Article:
I bought my first screenwriting books (written by the legendary Syd Field) at Hastings. This began my foray in to creative writing. Prior to that, I was a visual and performance artist. The drum set and guitar sit dusty in the basement, and I haven’t picked up a paintbrush in years. My keyboard, on the other hand, is missing letters because I’ve typed so much.
I bought Zen and the Art of Writing at Hastings. Ray Bradbury’s passion for writing rubbed off on me, and I went running to the word processor to write out my dreams and fears with reckless abandon. My process is still heavily-influenced by Bradbury, even if my style has changed over the years.
I worked at Hastings for two months in college, just before moving to Lawrence. I spent almost as much as I made, thanks to an amazing discount program, and the readership program gave me a good collection of classic books that provided the base of my extra-curricular literary education. I still have copies of Great Expectations and The Count of Monte Cristo that are missing covers, the price of their liberation from the store shelves.
I spent my lunch breaks walking through the stacks at Hastings, smelling the books and trying to soak in words, as if each aisle was a pool filled with nouns, verbs, and adjectives. When I got down on writing, or felt that things were hopeless, I saw all of these books by all of these writers who found the shelves, and it brought me back to work. You can’t place a value on that, but I bought it at the price of a mocha frappaccino and the occasional book.
I had my first book signing at Hastings. I sat in the front of the store, heard my name announced over the PA, and talked to every customer that came within earshot. I was nervous, but excited. I met other writers. I sold a couple of books. Mostly, I got used to selling myself as a writer to the public.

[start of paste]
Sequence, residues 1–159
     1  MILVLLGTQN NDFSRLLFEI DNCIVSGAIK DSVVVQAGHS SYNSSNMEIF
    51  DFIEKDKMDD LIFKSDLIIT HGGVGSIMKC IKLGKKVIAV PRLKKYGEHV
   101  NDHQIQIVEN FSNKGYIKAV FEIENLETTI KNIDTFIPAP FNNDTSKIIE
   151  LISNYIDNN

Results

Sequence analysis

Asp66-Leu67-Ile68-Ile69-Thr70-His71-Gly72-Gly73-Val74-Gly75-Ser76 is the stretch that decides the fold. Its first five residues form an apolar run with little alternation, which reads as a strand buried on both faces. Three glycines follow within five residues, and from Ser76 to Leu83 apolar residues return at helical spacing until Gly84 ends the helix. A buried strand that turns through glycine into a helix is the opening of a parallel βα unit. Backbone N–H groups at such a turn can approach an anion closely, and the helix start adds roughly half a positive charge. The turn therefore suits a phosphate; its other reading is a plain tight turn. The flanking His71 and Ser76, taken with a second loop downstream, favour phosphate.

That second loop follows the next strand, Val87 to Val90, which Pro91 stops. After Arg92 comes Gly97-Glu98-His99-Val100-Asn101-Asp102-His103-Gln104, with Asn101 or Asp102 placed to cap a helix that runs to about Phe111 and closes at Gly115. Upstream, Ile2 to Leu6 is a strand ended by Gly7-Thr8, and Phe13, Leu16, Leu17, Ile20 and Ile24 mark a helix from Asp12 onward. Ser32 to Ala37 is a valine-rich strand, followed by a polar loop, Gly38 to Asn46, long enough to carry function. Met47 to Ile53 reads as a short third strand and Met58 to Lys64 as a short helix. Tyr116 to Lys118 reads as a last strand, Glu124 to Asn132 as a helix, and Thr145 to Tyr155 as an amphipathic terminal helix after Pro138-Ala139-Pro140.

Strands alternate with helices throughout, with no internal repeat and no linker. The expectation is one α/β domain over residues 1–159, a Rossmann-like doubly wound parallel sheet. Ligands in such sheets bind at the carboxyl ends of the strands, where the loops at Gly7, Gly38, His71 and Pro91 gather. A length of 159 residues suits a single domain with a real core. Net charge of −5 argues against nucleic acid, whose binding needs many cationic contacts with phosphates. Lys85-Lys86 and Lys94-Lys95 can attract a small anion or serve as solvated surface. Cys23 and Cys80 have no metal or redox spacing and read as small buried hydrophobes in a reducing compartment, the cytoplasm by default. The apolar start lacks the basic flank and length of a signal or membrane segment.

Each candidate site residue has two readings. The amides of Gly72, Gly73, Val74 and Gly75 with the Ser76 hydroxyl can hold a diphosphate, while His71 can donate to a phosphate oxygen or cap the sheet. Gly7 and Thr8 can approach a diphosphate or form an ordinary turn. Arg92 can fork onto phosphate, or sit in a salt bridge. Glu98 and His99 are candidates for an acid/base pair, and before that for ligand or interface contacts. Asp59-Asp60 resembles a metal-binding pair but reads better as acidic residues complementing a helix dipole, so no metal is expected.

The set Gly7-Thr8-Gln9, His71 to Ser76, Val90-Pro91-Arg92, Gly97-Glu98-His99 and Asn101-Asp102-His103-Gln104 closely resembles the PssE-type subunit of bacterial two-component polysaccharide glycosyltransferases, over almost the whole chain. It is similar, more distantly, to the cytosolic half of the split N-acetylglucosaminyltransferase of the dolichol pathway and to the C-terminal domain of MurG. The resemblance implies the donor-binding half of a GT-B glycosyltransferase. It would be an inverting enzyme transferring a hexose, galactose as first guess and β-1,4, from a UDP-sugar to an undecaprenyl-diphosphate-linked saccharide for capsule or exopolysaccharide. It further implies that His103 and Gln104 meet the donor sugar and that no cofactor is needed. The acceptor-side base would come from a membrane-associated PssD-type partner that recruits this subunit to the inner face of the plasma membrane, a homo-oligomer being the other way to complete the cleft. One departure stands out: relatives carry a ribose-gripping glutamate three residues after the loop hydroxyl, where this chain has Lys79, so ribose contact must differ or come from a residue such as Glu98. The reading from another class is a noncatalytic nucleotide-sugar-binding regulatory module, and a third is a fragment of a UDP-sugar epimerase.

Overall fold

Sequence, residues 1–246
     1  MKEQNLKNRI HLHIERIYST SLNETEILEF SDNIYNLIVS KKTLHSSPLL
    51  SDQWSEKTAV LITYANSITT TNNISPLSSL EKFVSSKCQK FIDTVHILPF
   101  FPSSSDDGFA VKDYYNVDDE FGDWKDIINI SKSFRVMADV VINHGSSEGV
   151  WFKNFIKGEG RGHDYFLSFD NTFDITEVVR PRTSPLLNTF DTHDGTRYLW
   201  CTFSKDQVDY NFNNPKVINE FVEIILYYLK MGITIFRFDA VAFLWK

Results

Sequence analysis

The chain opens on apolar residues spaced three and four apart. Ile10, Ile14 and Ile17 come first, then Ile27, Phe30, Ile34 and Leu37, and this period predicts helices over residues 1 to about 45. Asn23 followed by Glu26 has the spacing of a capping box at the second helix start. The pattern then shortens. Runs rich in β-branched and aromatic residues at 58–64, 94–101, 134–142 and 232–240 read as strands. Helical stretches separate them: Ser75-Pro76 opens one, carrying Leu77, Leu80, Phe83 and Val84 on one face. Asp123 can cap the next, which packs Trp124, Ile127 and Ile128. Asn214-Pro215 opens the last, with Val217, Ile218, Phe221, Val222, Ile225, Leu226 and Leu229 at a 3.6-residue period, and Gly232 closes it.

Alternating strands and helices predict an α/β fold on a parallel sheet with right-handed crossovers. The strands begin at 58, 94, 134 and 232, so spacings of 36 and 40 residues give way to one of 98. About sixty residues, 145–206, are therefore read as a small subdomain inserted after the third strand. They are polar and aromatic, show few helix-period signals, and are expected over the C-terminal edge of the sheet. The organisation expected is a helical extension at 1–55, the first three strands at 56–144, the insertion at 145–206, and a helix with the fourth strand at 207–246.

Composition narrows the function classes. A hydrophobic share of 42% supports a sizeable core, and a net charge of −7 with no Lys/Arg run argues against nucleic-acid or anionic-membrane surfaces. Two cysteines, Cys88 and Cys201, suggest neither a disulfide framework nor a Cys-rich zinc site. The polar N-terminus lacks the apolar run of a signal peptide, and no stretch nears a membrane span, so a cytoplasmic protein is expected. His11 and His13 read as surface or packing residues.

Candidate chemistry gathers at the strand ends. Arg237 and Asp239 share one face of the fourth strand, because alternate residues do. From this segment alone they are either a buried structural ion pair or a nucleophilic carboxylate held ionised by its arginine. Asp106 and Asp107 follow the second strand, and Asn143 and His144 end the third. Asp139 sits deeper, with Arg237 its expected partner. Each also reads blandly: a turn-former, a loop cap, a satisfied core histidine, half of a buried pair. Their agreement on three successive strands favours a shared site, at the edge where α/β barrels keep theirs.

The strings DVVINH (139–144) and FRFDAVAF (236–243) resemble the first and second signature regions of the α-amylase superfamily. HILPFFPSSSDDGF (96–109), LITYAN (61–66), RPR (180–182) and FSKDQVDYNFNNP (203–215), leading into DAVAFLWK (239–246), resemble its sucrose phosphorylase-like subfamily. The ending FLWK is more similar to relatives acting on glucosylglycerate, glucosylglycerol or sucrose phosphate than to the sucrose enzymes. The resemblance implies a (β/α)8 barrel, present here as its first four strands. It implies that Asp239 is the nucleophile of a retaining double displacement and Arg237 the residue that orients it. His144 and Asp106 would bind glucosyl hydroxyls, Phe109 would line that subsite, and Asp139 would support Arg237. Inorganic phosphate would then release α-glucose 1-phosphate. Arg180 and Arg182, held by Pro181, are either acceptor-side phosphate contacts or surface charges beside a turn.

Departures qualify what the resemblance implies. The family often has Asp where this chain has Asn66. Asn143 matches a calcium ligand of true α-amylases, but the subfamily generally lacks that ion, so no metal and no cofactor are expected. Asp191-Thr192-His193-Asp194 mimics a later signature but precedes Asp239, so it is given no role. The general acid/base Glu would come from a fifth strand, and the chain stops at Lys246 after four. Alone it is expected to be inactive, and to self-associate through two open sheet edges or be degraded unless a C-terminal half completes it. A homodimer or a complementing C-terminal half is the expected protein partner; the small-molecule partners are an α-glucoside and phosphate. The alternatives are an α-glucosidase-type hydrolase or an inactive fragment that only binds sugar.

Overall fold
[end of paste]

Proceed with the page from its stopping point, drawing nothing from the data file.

I sold more copies of All Manner of Dark Things at my local Hastings than anywhere else other than Amazon. For six months, I rode the end cap display, until I was displaced by a number of books by politicians in order to capitalize on the primary election season. I sold several copies, including one to a Hastings employee. She asked me to sign it when I came in for one of my lunchtime strolls. It gives me a thrill to know that complete strangers in my community have my book on their shelf.
Over the last few months, I’ve seen the signs. More used and clearance books than new. Large, empty shelf spaces. Fewer employees. Earlier this week, I saw the story that I feared would be coming. Hastings will have declare bankruptcy if they do not find a buyer. Another bookstore down.
As much as I would like for someone to buy and save my local Hastings, the truth is that the model is out-dated and the products are over-priced in comparison to their online counter-parts. They can’t compete. Few can. If this is the end of Hastings, as it was for Borders before it, as it probably will be for Barnes and Noble unless they do something drastic, then I have to say thank you to them for being there.
Hastings is a chain, but they always treated me like a local business would. They contained so many things that I loved, and as a result, I was able to pursue those loves. I’ve spent thousands of dollars in their stores, and even though that wasn’t enough, their closure will leave a vacancy beyond the strip mall storefront that they occupy.
No more random CD’s or DVD’s that I never knew I wanted. No more midnight releases. No more comics. No more lunchtime book section strolls among the works of my peers and idols. No more book signings. No more hope of seeing my name in the horror section next to Ramsey Campbell, rather than in the local author section. That’s a lot of no mores.
I hope they save it, but if they don’t, then I am thankful for the memories. Hear’s to you Hastings. We’ll always have Lawrence and Ames.